Δευτέρα, 26 Ιουνίου 2017

NO BENEFIT OF NIVOLUMAB IN FIRST LINE TREATMENT OF NSCLC

The programmed death 1 (PD-1) immune-checkpoint-inhibitor-antibody nivolumab (Opdivo, Bristol-Myers Squibb) did not yield longer progression-free survival (PFS) than platinum-based chemotherapy when used as a first-line therapy in patients with untreated stage IV or recurrent non–small cell lung cancer (NSCLC), the open-label phase 3 CheckMate 026 trial now shows.
Furthermore, overall survival (OS) was similar between groups, report lead author David Carbone, MD, PhD, of the Ohio State University Comprehensive Cancer Center in Columbus, and colleagues in a study published online June 22 in the New England Journal of Medicine.
However, nivolumab had a favorable safety profile with no new or unexpected safety signals, the team also says.
Among NSCLC patients with a PD ligand 1 (PD-L1)–positive expression level of 5% or more, median PFS was 4.2 months in patients who received nivolumab vs 5.9 months for those treated with chemotherapy (hazard ratio [HR] for disease progression or death, 1.15; = .25). The median OS was 14.4 months vs 13.2 months (HR for death, 1.02).
"The primary result was a surprise," Dr Carbone said in an interview with Medscape Medical News. "I fully expected there to be an improvement in progression-free survival," he explained, noting that there was "no difference in the patient population that we chose. We included anybody with any expression of the PD-L1 marker."
Earlier results with nivolumab in two phase 3 trials demonstrated significantly longer OS than was seen with docetaxel (Taxotere, Sanofi-Aventis) in patients with metastatic NSCLC who experienced disease progression during or after platinum-based chemotherapy. The OS advantage in patients treated with nivolumab was independent of PD-L1 expression level, although it was enhanced in patients with nonsquamous NSCLC with increasing PD-L1 expression.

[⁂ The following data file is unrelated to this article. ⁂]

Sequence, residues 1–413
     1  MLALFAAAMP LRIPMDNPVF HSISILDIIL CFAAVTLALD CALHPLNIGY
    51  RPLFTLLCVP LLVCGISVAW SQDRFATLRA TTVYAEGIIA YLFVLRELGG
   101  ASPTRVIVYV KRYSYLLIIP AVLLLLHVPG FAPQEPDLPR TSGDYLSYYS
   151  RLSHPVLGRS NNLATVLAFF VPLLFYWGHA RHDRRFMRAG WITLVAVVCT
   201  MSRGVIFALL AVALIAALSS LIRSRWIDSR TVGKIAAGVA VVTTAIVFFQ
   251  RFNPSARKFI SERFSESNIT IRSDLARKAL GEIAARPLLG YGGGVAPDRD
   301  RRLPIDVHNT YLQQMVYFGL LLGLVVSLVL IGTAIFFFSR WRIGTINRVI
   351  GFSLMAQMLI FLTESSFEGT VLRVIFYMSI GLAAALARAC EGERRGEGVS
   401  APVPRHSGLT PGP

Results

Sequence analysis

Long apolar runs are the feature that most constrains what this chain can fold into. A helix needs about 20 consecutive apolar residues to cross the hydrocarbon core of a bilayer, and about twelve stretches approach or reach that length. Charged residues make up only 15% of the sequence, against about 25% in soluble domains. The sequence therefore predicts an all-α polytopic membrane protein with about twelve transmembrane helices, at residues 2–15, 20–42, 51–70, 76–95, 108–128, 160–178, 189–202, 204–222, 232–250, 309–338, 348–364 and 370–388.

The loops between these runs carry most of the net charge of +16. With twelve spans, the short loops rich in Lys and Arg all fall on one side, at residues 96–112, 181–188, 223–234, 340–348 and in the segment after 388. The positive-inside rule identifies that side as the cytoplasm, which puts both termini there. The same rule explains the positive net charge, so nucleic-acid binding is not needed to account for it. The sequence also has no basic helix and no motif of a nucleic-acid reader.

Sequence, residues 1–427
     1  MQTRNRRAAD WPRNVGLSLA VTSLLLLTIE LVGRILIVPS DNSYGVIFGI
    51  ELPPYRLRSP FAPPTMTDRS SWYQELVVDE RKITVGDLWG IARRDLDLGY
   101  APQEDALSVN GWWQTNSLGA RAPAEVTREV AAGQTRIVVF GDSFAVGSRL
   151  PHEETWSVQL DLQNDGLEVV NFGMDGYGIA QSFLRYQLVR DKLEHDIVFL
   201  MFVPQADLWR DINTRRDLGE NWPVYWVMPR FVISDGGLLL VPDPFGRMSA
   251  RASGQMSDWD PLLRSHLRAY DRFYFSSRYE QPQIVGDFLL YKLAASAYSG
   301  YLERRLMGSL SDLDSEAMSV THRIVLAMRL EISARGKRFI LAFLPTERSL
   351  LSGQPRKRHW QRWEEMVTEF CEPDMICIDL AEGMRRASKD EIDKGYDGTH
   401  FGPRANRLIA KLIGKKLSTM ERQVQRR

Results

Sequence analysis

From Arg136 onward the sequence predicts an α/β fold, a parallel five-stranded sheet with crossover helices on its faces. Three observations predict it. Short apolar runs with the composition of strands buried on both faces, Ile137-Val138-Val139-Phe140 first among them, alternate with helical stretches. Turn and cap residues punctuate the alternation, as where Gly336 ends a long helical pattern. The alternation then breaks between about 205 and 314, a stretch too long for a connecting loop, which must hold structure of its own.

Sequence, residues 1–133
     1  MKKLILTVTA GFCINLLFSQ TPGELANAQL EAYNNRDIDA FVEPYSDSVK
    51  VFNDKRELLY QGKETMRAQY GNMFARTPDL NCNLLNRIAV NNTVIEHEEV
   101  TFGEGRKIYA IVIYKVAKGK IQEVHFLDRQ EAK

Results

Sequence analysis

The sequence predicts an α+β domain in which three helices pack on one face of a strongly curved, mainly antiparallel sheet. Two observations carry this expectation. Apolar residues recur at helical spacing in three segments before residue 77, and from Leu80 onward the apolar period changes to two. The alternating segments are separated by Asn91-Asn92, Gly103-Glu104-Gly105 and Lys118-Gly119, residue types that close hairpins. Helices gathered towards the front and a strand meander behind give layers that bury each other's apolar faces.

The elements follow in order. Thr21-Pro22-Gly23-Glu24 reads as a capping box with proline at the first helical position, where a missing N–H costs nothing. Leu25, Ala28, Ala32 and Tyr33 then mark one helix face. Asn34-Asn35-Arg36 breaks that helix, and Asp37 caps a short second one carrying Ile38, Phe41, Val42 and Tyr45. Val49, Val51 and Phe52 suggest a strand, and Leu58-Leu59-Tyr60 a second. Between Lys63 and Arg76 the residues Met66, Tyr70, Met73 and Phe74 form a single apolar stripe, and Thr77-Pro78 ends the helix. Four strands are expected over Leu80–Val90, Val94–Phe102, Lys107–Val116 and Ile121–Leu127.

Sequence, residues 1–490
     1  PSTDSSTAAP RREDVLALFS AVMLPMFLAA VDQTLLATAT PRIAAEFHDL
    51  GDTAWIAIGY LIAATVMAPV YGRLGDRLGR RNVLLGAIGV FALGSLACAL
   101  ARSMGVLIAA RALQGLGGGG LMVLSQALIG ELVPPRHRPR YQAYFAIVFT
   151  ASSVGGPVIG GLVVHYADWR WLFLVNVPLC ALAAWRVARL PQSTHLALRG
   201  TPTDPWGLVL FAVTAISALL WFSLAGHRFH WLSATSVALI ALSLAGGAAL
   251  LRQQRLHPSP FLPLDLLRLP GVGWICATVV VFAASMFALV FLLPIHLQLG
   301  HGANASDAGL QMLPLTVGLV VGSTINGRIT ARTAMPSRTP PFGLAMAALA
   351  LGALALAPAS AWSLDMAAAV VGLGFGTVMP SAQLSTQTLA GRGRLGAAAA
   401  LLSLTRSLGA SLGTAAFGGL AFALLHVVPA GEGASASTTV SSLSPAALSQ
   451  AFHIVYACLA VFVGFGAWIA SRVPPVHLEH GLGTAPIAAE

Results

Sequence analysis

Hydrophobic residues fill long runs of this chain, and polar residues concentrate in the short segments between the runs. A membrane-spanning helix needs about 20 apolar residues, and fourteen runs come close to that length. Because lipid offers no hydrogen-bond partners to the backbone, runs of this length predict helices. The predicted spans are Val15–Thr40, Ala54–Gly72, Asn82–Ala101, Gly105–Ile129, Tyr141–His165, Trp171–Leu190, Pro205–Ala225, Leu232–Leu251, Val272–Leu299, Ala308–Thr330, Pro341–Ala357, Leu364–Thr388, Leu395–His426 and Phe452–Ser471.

These findings are in marked contrast to outcomes of the KEYNOTE-024 trial, in which the rival anti-PD-1 antibody pembrolizumab (Keytruda, Merck) was used as first-line treatment in patients with NSCLC with a PD-L1 expression level ≥50%, Dr Carbone and colleagues note. KEYNOTE-024 demonstrated a median PFS of 10.3 months for patients who received pembrolizumab compared to 6.0 months for patients who received chemotherapy, with response rates of 45% and 28%, respectively.
The reasons behind these different outcomes with two similar drugs "remain unclear and cannot be attributed to a single factor," the study authors say.
In an accompanying editorial, Edward B. Garon, MD, of the David Geffen School of Medicine at the University of California, Los Angeles, suggests that the reason the efficacy of these similar drugs differed so greatly may be the result of "imprecise" patient selection.
"Could an effort to enhance the selection of patients fail on the basis of the inclusion of too broad a population, coupled with a PD-L1 assay that discriminates poorly at certain values? Absolutely, as is clearly shown in a trial of the PD-L1 inhibitor atezolizumab in patients with previously treated NSCLC in which atezolizumab was superior to chemotherapy," he writes.
The selection strategy in CheckMate 026 may have torpedoed the trial, he suggested. "Despite limitations, there is efficacy for first-line chemotherapy in non–small cell lung cancer," Dr Garon said in an email to Medscape Medical News. "A positive study based on a progression-free survival endpoint in first-line non–small cell lung cancer requires identification of a population with enhanced benefit from PD-1 inhibitors. The selection strategy in this study did not appear to sufficiently identify such a population," he said.
"Despite limitations, there is efficacy for first-line chemotherapy in non–small cell lung cancer," he added.
Noting that the KEYNOTE-024 trial used a different selection strategy and showed a benefit for pembrolizumab, Dr Garon recommended that "the successful strategy (assessing for PD-L1 using the 22C3 antibody) should be adopted by clinicians."
Many approaches are currently underway to improve outcomes, he noted.
"Ideally, ongoing phase 3 trials of combinations including inhibitors of PD-1 or PD-L1 in a broad population will improve outcomes," he told Medscape Medical News."Whether these phase 3 studies are positive or negative, it will be important to work to identify which patients are benefiting more from the addition of agents to a PD-1 or PD-L1 inhibitor."